It's showtime for Wayne
Posted by BEAST Sports on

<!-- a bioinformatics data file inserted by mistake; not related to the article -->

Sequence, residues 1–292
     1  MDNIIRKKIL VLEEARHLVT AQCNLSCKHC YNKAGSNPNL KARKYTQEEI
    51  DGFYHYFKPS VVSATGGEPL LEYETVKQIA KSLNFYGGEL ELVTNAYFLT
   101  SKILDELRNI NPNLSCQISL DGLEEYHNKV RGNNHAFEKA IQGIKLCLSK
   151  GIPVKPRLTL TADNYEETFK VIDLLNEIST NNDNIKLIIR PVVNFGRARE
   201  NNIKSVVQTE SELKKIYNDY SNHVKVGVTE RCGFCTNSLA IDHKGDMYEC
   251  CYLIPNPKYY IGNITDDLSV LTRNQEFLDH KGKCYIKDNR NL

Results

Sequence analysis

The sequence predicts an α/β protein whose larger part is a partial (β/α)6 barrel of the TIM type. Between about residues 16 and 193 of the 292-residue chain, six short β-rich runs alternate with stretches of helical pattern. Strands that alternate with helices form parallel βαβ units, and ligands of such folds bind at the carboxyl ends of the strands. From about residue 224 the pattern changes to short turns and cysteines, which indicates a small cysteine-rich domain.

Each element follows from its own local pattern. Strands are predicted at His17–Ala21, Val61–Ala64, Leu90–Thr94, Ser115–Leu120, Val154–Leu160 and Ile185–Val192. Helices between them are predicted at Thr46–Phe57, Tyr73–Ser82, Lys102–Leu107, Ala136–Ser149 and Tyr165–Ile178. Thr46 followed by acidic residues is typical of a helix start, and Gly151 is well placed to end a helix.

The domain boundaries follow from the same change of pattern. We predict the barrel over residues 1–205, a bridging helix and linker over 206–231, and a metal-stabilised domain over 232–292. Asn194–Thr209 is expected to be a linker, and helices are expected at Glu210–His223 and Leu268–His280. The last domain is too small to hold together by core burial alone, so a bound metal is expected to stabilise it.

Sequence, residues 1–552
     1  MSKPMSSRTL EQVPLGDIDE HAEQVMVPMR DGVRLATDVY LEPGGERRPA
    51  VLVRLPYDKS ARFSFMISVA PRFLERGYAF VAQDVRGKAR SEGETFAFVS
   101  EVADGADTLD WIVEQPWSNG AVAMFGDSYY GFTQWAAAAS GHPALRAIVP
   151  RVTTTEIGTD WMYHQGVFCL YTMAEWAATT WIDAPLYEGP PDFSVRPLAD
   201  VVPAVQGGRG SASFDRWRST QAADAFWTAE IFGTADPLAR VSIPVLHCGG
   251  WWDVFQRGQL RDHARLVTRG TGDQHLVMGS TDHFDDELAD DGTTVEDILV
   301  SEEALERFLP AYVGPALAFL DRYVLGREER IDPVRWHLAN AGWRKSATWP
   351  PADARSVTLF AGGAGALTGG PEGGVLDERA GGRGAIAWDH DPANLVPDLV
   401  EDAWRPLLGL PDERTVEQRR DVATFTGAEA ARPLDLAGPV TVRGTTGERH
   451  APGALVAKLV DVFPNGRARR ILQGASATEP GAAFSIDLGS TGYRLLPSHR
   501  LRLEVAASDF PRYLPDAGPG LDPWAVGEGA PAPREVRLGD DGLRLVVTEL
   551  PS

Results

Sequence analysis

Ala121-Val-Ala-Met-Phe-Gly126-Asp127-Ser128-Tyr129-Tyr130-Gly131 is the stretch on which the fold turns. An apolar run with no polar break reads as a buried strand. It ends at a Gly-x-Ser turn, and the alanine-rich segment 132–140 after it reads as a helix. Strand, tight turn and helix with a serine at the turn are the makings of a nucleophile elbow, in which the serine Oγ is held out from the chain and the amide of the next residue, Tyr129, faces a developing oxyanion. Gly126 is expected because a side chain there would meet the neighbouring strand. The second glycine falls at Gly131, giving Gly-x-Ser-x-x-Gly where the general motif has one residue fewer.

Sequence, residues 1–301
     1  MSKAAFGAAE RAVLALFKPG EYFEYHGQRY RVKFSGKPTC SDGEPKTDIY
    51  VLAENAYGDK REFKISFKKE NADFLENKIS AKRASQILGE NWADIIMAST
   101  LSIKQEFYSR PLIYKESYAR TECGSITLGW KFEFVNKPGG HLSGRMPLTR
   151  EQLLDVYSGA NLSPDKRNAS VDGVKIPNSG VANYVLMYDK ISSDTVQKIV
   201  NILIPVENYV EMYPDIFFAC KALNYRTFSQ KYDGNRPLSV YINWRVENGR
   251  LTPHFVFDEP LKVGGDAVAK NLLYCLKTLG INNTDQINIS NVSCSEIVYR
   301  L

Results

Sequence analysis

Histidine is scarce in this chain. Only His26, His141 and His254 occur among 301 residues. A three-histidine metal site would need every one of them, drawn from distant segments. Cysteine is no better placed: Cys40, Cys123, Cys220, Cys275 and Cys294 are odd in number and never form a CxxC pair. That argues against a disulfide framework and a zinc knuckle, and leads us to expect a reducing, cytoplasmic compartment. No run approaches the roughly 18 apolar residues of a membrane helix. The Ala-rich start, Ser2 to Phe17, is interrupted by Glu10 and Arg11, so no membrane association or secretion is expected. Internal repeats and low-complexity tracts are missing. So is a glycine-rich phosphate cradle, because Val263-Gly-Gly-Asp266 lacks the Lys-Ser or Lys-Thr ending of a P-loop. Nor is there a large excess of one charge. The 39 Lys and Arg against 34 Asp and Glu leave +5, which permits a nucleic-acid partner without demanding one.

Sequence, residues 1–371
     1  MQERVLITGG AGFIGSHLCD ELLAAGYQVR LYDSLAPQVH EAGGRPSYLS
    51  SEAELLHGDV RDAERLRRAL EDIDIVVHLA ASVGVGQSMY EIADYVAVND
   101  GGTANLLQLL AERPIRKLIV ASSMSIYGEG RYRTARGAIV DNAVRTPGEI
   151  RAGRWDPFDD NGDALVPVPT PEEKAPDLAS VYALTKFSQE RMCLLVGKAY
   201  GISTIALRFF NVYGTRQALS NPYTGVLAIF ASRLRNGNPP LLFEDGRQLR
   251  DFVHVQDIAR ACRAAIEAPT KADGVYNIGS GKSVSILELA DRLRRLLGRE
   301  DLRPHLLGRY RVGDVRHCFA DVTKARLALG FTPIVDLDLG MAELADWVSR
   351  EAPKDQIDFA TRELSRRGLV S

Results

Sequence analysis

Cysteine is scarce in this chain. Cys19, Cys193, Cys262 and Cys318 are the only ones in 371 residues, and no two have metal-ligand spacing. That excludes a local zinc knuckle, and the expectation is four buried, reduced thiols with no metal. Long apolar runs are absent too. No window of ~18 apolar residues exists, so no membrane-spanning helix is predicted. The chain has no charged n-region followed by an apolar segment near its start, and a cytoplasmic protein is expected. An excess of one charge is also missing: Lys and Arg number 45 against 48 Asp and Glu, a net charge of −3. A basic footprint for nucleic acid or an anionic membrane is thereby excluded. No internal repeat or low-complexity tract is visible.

I entered my first bodybuilding show this weekend. Admittedly, I was nowhere near ready for an open category, and I probably wasn't physically quite ready for a novice category. But, for me and my journey - my story - I was in the best shape of my life, and mentally I was ready! There were a few reasons I did this show. First, I have no intention of letting this be my last show, and I wanted to get rid of all the "jitters" that come along with the first experience of something like this. Being on stage in front of people is nothing new to me, I've been involved in theater and performing arts from a young age. I've played the piano for over 20 years, and while it's been a while since I've been on a stage in front of people, it's a lot like riding a bike. I, however, have never been on a stage in less than my boxers. That was a new experience! I'd be lying if I said there wasn't some trepidation about stepping out on a stage by myself, doing a posing routine in front of a lot of people in a glorified speedo. But that brings me to reason 2 for doing the show. I'd set a goal for myself when I got back into lifting 2 years ago. My goal was that I would eventually do a show. It was a commitment I made to myself, and I was going to follow through with it. That's what got me through the routine, on stage, and what I think kept me sane during the whole experience. Doing a show is no easy task - there's preparation that will break you if you let it. From severe dieting to grueling workouts and cardio sessions, there's a commitment there that you have to make that's above and beyond anything I've ever had to do before. Add in the micro-managing of carbs, fats, water, the micro-micro managing in the few days and hours before the show, and it gets complicated really fast. It's not easy. It's not something everyone should try. It is, though, very rewarding if you can do it and follow all the way through. There are tolls to pay on the contest prep road - the mental toll, the physical toll - it's taxing on your body and on your mind. You have to keep focus on what you want, and it's something that you have to really, really want. Your body and mind are screaming at you the entire prep as you push yourself past limits you didn't know you even had, but you have to keep going - you have to push. Nothing worth doing is ever easy, and prepping for a show is certainly anything but easy. I placed 4th out of 4 in my category. The placing really doesn't bother me, I didn't enter the show with any expectations that I'd just run away with the class and beat everyone down, I had realistic expectations based on what I saw in the mirror. The competition was very tough in the class, and the other competitors certainly had more training experience than me, even if we all were in our first show. The things I learned from the show are priceless. The overall view is that I know what I need to do for my next show. I know the shape I need to come in, and I know the work that I'm going to have to put in to get there. I'm going to be training harder than I ever have before, and I'm making a commitment to myself to be a very competitive Open competitor on my next go round. I'd love to be a heavyweight, or a superheavy my next show, but that's going to be determined by what looks best on my frame. I'm going to attain the shape and look that I'm going for, and the scale can just fall wherever it needs to. Doing the show has provided me more motivation than I've ever had before. The more microscopic view is I found out things about my body that will aid me the next time I start cutting. Certain foods I'll avoid, certain timings I'll have to follow. I have a notebook full of notes that I kept during the prep, and I'll be referring to those throughout my next prep. If you're thinking of entering a show, I offer this advice: think about why you want to. Are you doing it for the experience, or are you doing it with the intention of annihilating the competition and being "the next big thing". If it's the latter, you probably need to look in the mirror a few times, and make sure you can back up that claim, or you're setting yourself up for disappointment from the beginning. It's better to go in for the experience on your first time 'round. Learn all you can, talk to the other competitors back stage. You'll make friends, you'll learn things you never knew, and you'll be better prepared to go back into the gym, train, and come back to annihilate all your competitors! Check your ego at the door. You're part of a show, you're there to entertain the people in the audience. They're there to see you, true, but you have a commitment to them to provide quality entertainment. I think this principle is lost with a lot of competitors. Bodybuilding breeds and encourages large egos - let's be honest you have to have an ego to do what we do - but remember that without the people out there in the audience, you couldn't be on the stage showing off what you've worked so hard for. I'm now officially in offseason. My focus now is growing, keeping as lean as possible, and really keeping my attention on shaping the muscle and getting fuller. I'll be keeping logs here on what I'm doing, and how I'm going about doing it. Remember, I'm just an average Joe who 2 years ago was a very overweight, out-of-shape 185 lbs. 2 years later, I'm a much leaner competitor stepping on stage at 192lbs. Calculating, I estimate I put on just over 35 lbs of lean mass in those 2 years - not a bad increase. I'm now taking the experience I gained over the weekend, and I'm going to continue improving. I mentioned this was an ending and a beginning. The introduction to this story is now over. The page has been turned and Chapter 1 can begin. The story hopefully ends after a successful pro career, but we never really know what's in store for us. I know that in the coming chapters, I'm going to be doing everything I can to attain a pro status. The first steps of that journey have been taken. It's now up to me to continue the path, continue the story and find out what plot twists lie ahead. It's a very exciting time! I'd like to give thanks where they're due - my trainer / coach Marion Benton has helped me go from where I was to where I am. He's helped me figure out a lot of the health issues I have (even figuring out some things my doctors couldn't in 30 years!). He showed me how to train, how to eat, and really helped me get from where I was to the point where I am now. I'd also like to give a big thanks to Beast for letting me use this megaphone to the world. Their products are awesome, and I'll be using them in the upcoming offseason. I definitely couldn't have kept up the energy in the last few weeks of prep without the Beastmode Preworkout powder. It's now a permanent part of my workout arsenal! If you're a new competitor, someone who's thinking about getting into competition, have any advice for a competition neophyte or have any comments or questions, leave them below, and we'll get a discussion going. Lift heavy, be strong! Wayne is a former “IT” guy who decided to take his love for fitness and turn it into a new career. Now a personal trainer by trade, Wayne spends his spare time hitting the weights and learning all he can about bodybuilding and nutrition. He stays true to his IT roots by staying active on Twitter and several online games.